2. On 4 July the Massachusetts General Court resolved that there should be no deviation from the Franco-American alliance or any negotiations with Britain and that the war should be continued until American independence was recognized and established (Mass., Acts and Laws, 2:243–244).
3. Thomas Ivers (1730–1787) first was appointed assistant treasurer of Massachusetts in place of the treasurer, Henry Gardner, who was ill, and then elected treasurer in October after Gardner's death (Mass., Acts and Laws, 2:287). Ivers served until his death in 1787. For Robert Morris' establishment of the Bank of North America, which was formally incorporated on 31 Dec. 1781, see vol. 12:181, 183, 197, 199.
4. In April 1782, Samuel Ely was found guilty of “seditious and disorderly behaviour” in Springfield, Mass., for speaking out against the 1780 state constitution and encouraging a mob to prevent the courts from sitting. In June, a mob broke Ely out of jail; government troops were brought in to quell the mob but more rioting ensued. The Boston newspapers reported on these events in late June, taking their stories from the 20 and 27 June issues of the Worcester Massachusetts Spy. On 2–3 July, the Massachusetts General Court resolved to create a committee of Samuel Adams, president of the Senate; Nathaniel Gorham, speaker of the House of Representatives; and Gen. Artemas Ward to go to Hampshire County and “enquire into the grounds of dissatisfaction—to correct misinformations—to remove groundless jealousies,” then report back (Mass., Acts and Laws, 2:238, 241). For more on Ely and the riots, see James Sullivan to JA, 24 July, below; Robert E. Moody, “Samuel Ely: Forerunner to Shays,” New England Quarterly, 5:105–134 (Jan. 1932); and Robert J. Taylor, Western Massachusetts in the Revolution, Providence, 1954, p. 119–120.
5. This was Daniel Denison Rogers, a Boston merchant, and his wife Abigail Bromfield Rogers. Besides Cooper's letter they also carried AA's of 17 July to JA. Later, when AA and JA were both in London, the Rogerses were frequent visitors (AFC, 4:343, 348; 6 and 7:index). For a portrait of Abigail Bromfield Rogers, who returned to America in 1786, see AFC, 7:38.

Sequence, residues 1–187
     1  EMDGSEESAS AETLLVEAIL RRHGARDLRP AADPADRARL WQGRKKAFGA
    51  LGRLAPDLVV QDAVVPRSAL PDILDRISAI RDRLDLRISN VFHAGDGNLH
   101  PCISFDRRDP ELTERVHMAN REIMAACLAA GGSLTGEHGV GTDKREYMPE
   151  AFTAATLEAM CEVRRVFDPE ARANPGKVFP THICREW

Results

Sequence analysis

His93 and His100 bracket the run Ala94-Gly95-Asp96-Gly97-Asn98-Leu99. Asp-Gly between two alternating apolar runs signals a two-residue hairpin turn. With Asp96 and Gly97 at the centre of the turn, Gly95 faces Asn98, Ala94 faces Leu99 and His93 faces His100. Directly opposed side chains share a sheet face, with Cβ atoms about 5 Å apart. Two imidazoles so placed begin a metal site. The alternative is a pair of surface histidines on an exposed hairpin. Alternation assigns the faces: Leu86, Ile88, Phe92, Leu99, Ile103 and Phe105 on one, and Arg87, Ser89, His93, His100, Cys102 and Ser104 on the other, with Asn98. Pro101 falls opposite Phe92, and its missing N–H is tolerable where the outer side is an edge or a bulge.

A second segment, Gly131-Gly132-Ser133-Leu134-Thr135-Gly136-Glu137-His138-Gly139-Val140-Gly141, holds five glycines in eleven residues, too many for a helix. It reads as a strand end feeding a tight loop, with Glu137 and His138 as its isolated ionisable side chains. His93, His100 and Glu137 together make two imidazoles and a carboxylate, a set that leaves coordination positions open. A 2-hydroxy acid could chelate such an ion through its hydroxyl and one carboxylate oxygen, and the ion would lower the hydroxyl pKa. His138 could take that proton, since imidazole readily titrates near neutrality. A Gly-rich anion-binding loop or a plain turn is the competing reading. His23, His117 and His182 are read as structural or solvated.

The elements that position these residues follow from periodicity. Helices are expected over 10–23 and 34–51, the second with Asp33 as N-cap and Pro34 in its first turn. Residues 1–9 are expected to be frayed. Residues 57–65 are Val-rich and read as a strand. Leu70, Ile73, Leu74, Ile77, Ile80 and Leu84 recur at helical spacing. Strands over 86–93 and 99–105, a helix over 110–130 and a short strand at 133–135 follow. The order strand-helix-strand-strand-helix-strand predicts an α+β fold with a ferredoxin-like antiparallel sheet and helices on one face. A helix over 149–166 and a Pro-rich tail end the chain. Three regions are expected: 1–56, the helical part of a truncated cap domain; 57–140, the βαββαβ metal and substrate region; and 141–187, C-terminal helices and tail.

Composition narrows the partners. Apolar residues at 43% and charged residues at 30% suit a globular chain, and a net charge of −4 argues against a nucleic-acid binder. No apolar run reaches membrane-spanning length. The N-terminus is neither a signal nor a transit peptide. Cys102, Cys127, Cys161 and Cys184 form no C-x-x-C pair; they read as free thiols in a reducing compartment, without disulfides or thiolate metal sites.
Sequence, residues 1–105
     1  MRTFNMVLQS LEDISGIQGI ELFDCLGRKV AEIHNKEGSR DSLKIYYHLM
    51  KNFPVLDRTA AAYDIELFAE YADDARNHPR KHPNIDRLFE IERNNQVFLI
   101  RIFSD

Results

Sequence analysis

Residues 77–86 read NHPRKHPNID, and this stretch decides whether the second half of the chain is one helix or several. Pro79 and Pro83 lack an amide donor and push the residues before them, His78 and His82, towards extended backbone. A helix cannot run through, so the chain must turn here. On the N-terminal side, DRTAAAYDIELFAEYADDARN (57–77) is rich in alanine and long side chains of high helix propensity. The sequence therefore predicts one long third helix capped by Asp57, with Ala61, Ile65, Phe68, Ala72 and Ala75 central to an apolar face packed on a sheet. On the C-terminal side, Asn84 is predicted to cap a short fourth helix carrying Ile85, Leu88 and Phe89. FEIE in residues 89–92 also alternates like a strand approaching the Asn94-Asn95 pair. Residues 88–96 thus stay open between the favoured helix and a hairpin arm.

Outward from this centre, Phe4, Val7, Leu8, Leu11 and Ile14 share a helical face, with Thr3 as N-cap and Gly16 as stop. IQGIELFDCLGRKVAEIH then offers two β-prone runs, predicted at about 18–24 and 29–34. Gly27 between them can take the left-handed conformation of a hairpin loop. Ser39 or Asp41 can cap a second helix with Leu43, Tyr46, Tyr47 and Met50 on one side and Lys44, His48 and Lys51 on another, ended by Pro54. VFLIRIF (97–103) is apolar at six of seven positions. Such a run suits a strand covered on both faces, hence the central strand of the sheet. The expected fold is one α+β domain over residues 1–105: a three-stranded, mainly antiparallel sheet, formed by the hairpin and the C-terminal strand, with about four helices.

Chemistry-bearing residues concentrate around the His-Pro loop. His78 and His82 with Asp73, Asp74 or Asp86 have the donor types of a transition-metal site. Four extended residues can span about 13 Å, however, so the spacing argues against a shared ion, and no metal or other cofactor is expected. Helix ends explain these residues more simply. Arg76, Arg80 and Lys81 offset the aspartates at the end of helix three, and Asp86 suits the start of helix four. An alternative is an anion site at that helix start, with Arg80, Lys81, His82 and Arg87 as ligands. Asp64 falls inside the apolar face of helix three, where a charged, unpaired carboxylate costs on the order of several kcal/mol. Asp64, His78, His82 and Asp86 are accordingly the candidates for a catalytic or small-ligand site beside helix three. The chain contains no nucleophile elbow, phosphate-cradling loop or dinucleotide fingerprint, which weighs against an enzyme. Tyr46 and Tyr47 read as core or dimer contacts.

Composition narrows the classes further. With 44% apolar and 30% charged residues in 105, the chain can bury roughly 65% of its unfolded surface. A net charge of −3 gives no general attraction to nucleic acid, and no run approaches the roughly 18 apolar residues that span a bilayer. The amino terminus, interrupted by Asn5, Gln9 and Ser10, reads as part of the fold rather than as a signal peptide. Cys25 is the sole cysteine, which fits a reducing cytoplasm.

Docno: ADMS-06-13-02-0120

Author: Dana, Francis
Recipient: Adams, John
Date: 1782-07-22

From Francis Dana

[salute] My Dear Sir

Uncertain whether you have seen the paper from which I send you enclosed an Extract I do myself the pleasure to forward that to you by the earliest opportunity. It was put into my hands by one of my friends here; who I told you in a late letter desired his complements to you,1 too late for the last post. The whole has not yet been communicated; as I am told, to any one here, but will be in a day or two, when I hope to have the perusal of it. My Correspondent for some reason, I know not what, has not communicated so important a peice of intelligence to me. This communication on the part of { 196 } G. Britain has been made to both the Imperial Courts, and to that of Versailles; and it seems to me must revive the old mediation on the grounds and principles required by the latter in its last answer to the mediating Courts. You will therefore be probably called upon to repair to Vienna much sooner than you had expected: But I have information which I have little reason to doubt, that the preliminaries are in a state of forwardness, and will be adjusted at Paris. Independance, it is said, is our only object, and the obstacle to that seems now to be removed by the above communication. I fear much they will be there settled upon that ground, and you know my reason for this sentiment. The great object, for independance I do not consider as such that being long ago fully established, will be staved off to a future period, and wn: that shall arrive, we may be told the Estate is held in common and undivided, and that no new tenant can be admitted without the consent of all, because the profits of all may be effected by such a step. I may be too apprehensive in this case, but I cannot help my apprehensions.2 As I am upon this subject I will now also inclose to you a copy of King James's Grant of Nova Scotia to Sr: Wm: Alexander, of which mention is made in the papers in your hands. I meet with it in a pamphlet here.3 If you compare the limits with the Chart of N. Scotia by Jeffereys, No: 14 in the American Atlas, you will find that the line North from the Bay of St: Mary will strike the River St: John, and not the River St: Croix.4 To account for this, if I am not much deceived, I have somewhere found that the first River formerly bore the latter Name, tho I think there is no mention of this circumstance in the report which you have. But perhaps you will meet with something to clear up this point among the papers I received just before my last departure from Paris, and left with you. I did not peruse them. They were sent by the Secretary of our State in consequence of our application to him for further information upon that subject.5